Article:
At its core and simultaneously where the film reel shows its most serious signs of wear and tear, this is a tale of tough love — a power struggle between a father and son who have lost touch and any interest in reconnecting. Hank Palmer (Downey Jr.), a successful Chicago lawyer, returns to his hometown of Carlinville, Indiana for his mother’s funeral. He and his father, the powerful and widely-respected Judge Joe Palmer (Duvall), can barely look one another in the eye and after 20 years it’s all the two can muster to force an awkward handshake. Given the actors involved, the personal tension is inherently intriguing and, presumably, complex. They become characters we’re instantly invested in.

We are less invested in the roughly 30-40 minutes used in setting up Hank’s backstory and what kind of life he’s leaving behind in Chicago to deal with his family — one of luxury made less alluring by what certainly appears to be a failing marriage. We’re not asking too much by wanting to skip to the part where Iron Man gets to square off in court with his bull-headed father, now, are we? Does that overlook the point of having Vincent D’Onofrio, Jeremy Strong and Vera Farmiga as strong supporting characters who help illustrate what it is that Hank left behind all those years ago?

Maybe a little.

Contributing to the excess is the fact that there are one too many peripheral characters that Dobkin clearly wants to develop so as to not leave them as secondary thoughts. Unfortunately by the time the denouement hits, it itself has become a secondary thought, sidelined by over-explained relationships that truthfully don’t have anything unique about them. It gets to a point we almost forget the real reason we’re here: not just to experience the power of two heavyweight actors within a courtroom — which, by the way, is a very interesting setting in which to try and contain the personality of one Bob Downey Jr. This is, after all, technically a crime drama. There must be plot beyond seeing how well the actors come together as judge, jury and executioner.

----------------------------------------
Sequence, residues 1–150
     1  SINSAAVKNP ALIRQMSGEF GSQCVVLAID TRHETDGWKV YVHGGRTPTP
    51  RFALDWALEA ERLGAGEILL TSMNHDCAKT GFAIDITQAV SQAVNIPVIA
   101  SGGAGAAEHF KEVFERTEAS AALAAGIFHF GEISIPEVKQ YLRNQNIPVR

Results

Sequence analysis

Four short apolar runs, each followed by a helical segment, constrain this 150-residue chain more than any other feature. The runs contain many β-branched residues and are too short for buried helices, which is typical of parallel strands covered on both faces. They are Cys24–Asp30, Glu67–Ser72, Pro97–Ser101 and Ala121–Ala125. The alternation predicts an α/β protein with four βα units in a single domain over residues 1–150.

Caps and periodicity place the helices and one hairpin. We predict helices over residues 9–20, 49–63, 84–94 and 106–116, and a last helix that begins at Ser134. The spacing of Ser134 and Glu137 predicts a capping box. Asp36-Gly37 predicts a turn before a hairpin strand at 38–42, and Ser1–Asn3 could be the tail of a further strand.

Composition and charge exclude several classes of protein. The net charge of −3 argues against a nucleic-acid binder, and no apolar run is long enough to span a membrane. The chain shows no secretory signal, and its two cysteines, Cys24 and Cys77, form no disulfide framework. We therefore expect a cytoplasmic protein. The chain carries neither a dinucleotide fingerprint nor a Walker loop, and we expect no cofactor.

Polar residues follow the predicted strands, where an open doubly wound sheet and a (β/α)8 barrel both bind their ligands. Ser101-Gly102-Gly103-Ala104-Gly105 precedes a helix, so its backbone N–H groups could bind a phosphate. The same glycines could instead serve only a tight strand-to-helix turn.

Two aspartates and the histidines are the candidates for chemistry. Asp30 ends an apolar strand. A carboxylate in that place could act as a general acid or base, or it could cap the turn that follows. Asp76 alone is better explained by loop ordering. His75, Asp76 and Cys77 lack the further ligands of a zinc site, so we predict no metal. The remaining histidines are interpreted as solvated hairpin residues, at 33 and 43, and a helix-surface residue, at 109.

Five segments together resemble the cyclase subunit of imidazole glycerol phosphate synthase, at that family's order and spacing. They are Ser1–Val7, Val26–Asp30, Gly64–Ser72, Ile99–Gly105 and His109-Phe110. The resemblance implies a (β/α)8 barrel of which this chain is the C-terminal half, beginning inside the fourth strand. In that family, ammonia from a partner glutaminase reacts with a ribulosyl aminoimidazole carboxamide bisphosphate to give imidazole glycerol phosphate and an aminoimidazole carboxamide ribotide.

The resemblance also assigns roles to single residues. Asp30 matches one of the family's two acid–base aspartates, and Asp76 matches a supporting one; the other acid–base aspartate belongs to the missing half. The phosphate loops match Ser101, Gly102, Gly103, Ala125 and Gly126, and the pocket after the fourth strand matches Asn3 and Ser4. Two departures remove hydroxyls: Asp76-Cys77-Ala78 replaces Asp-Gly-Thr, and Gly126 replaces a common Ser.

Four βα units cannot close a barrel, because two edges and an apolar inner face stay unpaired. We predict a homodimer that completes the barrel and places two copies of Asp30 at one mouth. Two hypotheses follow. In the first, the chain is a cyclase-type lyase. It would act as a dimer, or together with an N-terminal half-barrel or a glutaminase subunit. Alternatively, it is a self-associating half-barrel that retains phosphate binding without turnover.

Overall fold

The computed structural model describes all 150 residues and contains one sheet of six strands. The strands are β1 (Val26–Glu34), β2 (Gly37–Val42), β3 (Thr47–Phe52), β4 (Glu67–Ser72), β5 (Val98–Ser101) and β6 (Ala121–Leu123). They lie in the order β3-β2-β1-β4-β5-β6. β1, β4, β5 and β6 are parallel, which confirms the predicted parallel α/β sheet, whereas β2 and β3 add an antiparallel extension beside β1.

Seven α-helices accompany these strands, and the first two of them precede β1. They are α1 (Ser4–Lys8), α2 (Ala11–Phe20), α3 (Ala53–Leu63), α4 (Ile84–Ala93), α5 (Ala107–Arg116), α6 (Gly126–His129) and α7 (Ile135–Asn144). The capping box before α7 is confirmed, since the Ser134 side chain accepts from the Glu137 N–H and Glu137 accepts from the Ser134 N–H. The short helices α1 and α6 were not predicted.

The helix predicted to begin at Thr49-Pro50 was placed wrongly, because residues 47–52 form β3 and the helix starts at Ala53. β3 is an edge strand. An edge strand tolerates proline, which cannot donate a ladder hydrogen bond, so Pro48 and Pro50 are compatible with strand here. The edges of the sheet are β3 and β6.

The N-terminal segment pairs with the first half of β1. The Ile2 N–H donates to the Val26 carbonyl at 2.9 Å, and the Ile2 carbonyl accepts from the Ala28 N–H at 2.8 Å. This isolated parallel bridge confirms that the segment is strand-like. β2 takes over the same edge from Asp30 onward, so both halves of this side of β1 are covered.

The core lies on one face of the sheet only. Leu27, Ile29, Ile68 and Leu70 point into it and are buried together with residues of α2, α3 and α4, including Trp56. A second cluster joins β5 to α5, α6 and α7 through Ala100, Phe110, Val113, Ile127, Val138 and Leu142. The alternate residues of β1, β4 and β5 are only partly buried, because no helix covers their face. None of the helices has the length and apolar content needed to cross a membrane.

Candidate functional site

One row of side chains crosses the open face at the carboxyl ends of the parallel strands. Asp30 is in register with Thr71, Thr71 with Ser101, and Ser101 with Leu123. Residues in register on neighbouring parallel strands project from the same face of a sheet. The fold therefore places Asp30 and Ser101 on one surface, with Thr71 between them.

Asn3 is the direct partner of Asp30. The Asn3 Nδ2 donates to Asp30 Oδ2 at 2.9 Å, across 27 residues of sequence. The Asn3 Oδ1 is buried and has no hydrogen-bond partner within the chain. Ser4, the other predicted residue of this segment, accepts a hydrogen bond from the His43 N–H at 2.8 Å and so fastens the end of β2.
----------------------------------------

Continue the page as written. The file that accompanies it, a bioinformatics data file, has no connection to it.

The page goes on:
For what it’s worth, thanks to the insertion of Billy Bob Thornton as a bloodthirsty lawyer on behalf of the plaintiff, the drama on the floor crackles with intensity and emotion. As Dwight Dickham, Thornton is once again too good at what he does. He stands out from the local crowd as obviously as Downey’s Hank Palmer who, with a minor degree of reluctance, represents his father in the wake of a disconcerting discovery at their residence — one involving bloodstains found on his old garage-bound jalopy that he has been appearing to cover up. Hank (and to a lesser extent his brothers) immediately know what this finding will mean if his dad has to appear in court.